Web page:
South Africa’s first gay-inclusive mosque closed over parking violation

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The first ever mosque in South Africa to accept gay worshippers has been closed over a parking violation.

The Open Mosque opened its doors last week, causing controversy as it allowed gay people to enter, and women to lead prayers. It was accused of being a “gay temple”, as it opened near to an LGBT centre.

The founder of the mosque, Taj Hargey, said he hoped to counter radicalism by being more inclusive, and starting a dialogue on controversial issues.

Dr Hargey accused the City Council of using bylaws as an excuse to close the mosque.

“The City Council is trying to close the mosque using ridiculous bylaws and I will not be threatened by them or anyone else,” Dr Hargey told the BBC.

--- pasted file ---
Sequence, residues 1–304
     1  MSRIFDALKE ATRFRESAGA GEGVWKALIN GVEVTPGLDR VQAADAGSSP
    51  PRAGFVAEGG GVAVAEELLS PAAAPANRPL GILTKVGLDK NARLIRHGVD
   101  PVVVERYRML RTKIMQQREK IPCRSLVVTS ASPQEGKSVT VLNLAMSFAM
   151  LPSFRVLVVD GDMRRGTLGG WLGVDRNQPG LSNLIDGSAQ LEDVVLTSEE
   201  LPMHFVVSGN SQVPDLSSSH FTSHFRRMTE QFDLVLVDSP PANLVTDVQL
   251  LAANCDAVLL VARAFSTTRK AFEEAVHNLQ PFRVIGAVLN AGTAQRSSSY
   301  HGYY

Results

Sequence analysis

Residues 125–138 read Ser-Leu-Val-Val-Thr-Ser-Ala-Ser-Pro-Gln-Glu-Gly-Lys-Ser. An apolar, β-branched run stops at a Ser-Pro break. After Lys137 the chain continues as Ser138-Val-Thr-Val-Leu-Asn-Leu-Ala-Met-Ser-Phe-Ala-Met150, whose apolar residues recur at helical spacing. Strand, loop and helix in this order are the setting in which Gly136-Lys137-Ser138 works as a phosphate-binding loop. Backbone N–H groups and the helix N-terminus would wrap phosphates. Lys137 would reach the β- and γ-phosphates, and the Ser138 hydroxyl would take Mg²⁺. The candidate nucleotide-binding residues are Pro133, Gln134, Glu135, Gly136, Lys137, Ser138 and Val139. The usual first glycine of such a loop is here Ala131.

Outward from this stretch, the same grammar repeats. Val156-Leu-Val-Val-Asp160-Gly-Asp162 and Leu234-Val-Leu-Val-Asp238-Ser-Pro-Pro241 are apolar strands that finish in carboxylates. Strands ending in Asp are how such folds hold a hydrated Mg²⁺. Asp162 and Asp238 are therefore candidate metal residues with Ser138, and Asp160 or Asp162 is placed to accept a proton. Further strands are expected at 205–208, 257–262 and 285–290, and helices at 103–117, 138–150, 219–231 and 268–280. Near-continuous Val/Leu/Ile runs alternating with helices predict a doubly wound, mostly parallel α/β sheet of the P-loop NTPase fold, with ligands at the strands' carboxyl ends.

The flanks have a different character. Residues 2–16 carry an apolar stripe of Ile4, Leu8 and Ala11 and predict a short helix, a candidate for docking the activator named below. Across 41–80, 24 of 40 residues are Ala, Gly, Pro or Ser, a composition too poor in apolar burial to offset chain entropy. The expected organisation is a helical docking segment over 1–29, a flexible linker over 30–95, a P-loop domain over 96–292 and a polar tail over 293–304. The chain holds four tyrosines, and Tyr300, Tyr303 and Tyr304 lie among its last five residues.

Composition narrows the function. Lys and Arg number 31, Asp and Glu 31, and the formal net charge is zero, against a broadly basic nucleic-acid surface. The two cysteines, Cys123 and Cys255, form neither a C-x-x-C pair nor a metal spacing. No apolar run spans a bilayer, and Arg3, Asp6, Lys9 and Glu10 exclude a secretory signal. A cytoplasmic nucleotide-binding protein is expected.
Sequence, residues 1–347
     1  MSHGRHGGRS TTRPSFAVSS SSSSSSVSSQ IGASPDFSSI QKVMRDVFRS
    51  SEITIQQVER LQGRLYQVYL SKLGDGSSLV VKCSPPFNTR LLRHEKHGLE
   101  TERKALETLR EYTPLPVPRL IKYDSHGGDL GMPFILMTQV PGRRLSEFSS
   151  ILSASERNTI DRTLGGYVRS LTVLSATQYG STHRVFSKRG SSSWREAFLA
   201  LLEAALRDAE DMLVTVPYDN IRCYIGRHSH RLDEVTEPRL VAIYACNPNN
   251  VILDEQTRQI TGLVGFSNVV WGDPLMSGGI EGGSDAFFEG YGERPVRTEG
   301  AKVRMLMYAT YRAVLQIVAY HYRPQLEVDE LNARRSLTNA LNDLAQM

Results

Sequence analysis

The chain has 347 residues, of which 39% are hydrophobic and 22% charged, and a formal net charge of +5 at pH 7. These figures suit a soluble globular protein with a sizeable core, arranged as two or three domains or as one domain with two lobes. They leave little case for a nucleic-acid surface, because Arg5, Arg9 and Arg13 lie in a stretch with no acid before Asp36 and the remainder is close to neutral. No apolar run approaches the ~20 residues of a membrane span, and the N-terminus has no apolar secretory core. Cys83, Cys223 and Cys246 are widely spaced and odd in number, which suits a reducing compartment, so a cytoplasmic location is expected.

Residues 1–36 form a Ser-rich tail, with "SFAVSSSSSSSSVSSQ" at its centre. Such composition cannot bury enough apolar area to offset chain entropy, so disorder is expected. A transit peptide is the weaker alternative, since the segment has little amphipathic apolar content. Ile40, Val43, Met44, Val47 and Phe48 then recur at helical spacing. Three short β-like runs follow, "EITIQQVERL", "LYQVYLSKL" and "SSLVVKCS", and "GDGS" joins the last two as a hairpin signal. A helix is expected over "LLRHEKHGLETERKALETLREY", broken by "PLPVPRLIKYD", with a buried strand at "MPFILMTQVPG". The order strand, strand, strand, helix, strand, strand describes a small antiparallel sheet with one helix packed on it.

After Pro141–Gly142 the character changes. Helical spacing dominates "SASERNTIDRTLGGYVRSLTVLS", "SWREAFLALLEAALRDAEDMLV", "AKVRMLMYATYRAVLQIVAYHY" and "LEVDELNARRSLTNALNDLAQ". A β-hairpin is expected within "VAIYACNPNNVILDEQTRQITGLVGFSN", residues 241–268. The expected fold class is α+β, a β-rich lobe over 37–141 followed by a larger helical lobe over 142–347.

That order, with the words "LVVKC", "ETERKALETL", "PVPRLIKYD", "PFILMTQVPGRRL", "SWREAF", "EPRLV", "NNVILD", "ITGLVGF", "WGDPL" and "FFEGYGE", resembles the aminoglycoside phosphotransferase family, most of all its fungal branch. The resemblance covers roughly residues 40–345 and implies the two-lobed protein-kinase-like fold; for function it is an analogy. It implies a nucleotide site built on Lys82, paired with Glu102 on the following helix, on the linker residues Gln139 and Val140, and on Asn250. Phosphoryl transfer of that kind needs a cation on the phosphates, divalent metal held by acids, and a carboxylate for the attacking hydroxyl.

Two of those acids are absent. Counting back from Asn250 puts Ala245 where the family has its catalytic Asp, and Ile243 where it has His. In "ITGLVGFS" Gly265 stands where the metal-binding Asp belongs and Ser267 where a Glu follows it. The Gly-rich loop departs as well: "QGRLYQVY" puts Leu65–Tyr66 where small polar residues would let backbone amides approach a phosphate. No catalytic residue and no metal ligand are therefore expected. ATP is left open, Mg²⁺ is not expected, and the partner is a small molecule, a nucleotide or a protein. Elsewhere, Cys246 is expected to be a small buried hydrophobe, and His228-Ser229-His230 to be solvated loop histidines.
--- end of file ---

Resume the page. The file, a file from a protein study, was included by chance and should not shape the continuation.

“We have freedom of religion and expression in this country. No-one has the right to tell anyone what to believe in. This is a gender equal mosque, autonomous and independent and will remain so,” he said.

However, City Councillor Ganief Hendricks denied that was the case.

“This is an emotive issue – some councillors who are Muslim would want to defend the issue more vigorously than those that aren’t but the bottom line is we have to make sure that the rules are followed,” he said.

Despite saying that part of the reason was that Dr Hargey had not applied to change the use of the building from a warehouse to a place of worship, Mr Hendricks said a by-law stipulates that a place of worship should have one parking bay per 10 worshippers.

The Open Mosque did not have any.

According to Hendricks, the application process to reopen could take up to six months.

Dr Hargey said it was “pure intimidation”, and questioned why mosques around the world do not allow men and women to pray together.

The Open Mosque remains closed indefinitely.